Student achievement information shows that the curriculum is effective in promoting learning for the majority of students in reading, writing and mathematics. The school reports that most students achieve at and above the National Standards in these areas. Results show, and ERO observed, particularly good achievement in writing.

How effectively does the school promote educational success for Māori, as Māori?

School data shows good levels of achievement for Māori students, with most achieving at and above the National Standards in literacy and mathematics.

The “Te Ao Māori Initiative” has been introduced since the previous ERO report, in response to areas identified for improvement. There has been a carefully planned approach to its development, with the goal of increasing appreciation of te ao Māori within the school’s learning community. This initiative has been informed by consultation with whānau, hapu and iwi. Indications of its success include:

  • increased achievement and progress for Māori learners
  • strong reflection of te ao Māori within the local curriculum
  • students’ enjoyment and skill with kapa haka performance
  • students’ enthusiasm to share their mihi
  • Māori students eagerness to talk and write about their culture
  • whānau feedback that indicates te ao Māori is reflected in everyday school practice.

Students benefit from the guidance of skilled kapa haka tutors. The principal is a positive role model who demonstrates knowledge and confidence in the areas of tikanga and local history.

ERO affirms the school’s vision for Māori success. A useful next step is to explore how the progressive nature of te reo Māori learning can be enhanced.

4 Sustainable Performance

How well placed is the school to sustain and improve its performance?

The school is very well placed to sustain and improve its performance. Effective leadership and governance ensure that students continue to experience positive outcomes as a result of the local curriculum at Makaraka School.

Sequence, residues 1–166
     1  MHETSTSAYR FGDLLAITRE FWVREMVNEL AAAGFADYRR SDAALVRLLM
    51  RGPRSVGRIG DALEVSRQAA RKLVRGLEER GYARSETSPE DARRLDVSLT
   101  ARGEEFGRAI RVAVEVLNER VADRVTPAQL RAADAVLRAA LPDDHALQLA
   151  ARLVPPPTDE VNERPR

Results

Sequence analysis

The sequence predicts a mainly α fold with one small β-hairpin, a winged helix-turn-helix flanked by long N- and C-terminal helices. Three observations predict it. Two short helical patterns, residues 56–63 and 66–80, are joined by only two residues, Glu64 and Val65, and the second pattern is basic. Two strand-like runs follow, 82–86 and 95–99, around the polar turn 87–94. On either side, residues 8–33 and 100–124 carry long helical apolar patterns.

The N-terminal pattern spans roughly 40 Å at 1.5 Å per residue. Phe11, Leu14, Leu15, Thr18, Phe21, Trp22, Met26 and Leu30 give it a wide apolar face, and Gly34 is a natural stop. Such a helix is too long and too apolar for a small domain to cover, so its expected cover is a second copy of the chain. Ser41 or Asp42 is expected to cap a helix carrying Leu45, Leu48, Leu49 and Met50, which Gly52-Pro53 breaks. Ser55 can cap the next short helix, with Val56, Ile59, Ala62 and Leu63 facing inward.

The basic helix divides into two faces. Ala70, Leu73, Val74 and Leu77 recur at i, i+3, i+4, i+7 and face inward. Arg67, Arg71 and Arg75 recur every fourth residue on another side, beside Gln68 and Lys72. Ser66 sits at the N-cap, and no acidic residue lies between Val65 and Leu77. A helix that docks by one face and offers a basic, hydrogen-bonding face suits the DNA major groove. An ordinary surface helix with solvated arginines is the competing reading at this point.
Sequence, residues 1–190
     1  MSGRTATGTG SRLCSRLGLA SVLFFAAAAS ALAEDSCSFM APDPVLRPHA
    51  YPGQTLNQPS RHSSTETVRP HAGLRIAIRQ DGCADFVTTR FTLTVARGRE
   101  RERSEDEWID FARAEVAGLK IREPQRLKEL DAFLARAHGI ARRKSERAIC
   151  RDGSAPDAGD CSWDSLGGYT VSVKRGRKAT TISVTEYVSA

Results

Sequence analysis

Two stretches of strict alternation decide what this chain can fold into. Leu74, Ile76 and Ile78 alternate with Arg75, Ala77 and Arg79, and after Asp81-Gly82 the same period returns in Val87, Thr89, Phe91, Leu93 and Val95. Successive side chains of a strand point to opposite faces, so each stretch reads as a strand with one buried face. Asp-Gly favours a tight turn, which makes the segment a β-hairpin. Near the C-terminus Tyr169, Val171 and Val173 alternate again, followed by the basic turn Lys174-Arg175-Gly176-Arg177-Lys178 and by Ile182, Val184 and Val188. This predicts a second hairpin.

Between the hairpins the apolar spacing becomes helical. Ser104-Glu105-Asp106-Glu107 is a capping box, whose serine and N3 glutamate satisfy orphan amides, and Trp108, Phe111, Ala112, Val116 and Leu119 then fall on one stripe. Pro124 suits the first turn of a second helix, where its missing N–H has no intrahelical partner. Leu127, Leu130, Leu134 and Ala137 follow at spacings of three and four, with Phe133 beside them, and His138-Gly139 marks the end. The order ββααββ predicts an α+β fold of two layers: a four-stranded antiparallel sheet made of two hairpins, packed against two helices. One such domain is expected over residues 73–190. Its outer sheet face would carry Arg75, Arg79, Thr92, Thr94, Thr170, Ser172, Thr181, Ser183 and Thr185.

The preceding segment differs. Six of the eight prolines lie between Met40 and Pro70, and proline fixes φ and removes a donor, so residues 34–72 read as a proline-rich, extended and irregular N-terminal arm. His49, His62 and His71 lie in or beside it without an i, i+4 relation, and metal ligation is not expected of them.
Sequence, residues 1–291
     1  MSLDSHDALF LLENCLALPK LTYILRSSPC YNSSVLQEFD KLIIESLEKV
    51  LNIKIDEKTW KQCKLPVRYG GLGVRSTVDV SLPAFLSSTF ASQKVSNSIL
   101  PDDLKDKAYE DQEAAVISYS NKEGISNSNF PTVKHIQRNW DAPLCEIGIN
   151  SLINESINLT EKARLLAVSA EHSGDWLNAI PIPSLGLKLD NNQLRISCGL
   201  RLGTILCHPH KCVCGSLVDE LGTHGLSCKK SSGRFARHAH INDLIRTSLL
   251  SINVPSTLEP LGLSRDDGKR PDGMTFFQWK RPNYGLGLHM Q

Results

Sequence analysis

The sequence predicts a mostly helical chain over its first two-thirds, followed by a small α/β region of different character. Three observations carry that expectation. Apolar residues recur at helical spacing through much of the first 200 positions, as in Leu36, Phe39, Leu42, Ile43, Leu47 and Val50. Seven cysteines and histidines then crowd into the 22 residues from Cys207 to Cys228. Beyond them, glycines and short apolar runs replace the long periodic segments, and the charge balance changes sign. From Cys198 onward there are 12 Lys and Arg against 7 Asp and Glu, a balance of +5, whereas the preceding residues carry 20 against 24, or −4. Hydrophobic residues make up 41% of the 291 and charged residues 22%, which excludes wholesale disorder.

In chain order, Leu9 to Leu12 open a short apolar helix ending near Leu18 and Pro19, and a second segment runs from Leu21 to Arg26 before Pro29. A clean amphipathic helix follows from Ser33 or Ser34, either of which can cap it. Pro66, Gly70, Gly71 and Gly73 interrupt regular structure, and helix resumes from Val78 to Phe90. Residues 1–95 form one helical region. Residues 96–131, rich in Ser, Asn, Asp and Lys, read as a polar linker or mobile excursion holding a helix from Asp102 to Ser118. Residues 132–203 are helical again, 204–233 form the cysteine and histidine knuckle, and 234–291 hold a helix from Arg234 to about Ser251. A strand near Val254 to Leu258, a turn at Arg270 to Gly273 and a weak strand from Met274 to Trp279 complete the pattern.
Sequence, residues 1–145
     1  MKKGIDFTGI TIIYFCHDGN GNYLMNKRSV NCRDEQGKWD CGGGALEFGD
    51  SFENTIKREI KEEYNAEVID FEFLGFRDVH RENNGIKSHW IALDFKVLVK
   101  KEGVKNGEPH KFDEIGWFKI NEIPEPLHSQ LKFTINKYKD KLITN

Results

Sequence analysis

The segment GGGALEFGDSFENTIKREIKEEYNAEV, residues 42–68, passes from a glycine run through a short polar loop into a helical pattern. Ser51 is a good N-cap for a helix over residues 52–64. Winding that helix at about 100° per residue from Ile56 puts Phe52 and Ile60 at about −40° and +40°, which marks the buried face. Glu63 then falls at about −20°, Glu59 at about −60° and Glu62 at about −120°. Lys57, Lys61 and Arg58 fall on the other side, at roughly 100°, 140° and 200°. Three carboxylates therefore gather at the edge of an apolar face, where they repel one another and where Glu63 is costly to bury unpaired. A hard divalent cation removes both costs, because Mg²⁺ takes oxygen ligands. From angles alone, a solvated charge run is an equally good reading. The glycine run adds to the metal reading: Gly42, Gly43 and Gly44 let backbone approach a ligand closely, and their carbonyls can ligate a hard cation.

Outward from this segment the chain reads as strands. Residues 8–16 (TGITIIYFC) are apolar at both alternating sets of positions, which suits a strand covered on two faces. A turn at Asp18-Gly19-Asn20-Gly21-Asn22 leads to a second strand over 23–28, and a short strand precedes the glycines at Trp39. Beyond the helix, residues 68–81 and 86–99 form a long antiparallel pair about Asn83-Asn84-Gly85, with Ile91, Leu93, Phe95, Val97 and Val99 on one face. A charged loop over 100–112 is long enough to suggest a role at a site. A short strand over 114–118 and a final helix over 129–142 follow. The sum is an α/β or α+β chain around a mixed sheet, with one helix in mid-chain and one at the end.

The board is well informed about school activities and student achievement. Trustees implement efficient and appropriate governance processes and demonstrate good understanding of their roles. There is a sound framework for policies and procedures, which are regularly reviewed.

Parents and whānau are systematically consulted about school direction and development. Families are very involved in the life of the school, particularly in local curriculum-based learning experiences and sports. There are good examples of home-school partnerships focused on improving students’ learning. The school has identified, and ERO agrees, that strengthening reciprocal, collaborative partnerships with parents and whānau is a key next step to support students’ learning.

The principal is improvement focused and works with trustees and staff using a considered, evidence-based approach to review and development. He is redeveloping the appraisal system. The documented plans for implementation in 2015 indicate an appropriate process which supports teacher development and is aligned to annual planning and teacher inquiry.

Well-established processes for self review are in place. The principal and ERO agree that once initial priorities have been addressed, a logical next step is to formally evaluate how well curriculum and strategic aspirations are being achieved.

Board assurance on legal requirements

Before the review, the board of trustees and principal of the school completed the ERO Board Assurance Statement and Self-Audit Checklists. In these documents they attested that they had taken all reasonable steps to meet their legislative obligations related to:

  • board administration
  • curriculum
  • management of health, safety and welfare
  • personnel management
  • financial management
  • asset management.

During the review, ERO checked the following items because they have a potentially high impact on student achievement:

  • emotional safety of students (including prevention of bullying and sexual harassment)
  • physical safety of students
  • teacher registration
  • processes for appointing staff
  • stand-downs, suspensions, expulsions and exclusions
  • attendance.

Property provision for students who are unwell is inadequate. Trustees have agreed to make some short-term changes and explore property modification options for longer term improvements.


Students benefit from a very well designed curriculum that is based in local, meaningful and relevant learning experiences. Levels of student engagement and achievement are high, particularly in writing. Māori achievement has improved steadily over the last few years. The school is very well placed to sustain and improve positive outcomes for students.

ERO is likely to carry out the next review in four-to-five years.

index-html-m2a7690f7.gifJoyce Gebbie

National Manager Review Services Central Region

9 December 2014

About the School



Ministry of Education profile number


School type

Contributing (Years 1 to 6)

School roll


Gender composition

Boys 51% , Girls 49%

Ethnic composition


NZ European/Pākehā

Other ethnic groups




Review team on site

October 2014

Date of this report

9 December 2014

Most recent ERO report(s)

Education Review

Education Review

Education Review

December 2010

May 2008

June 2005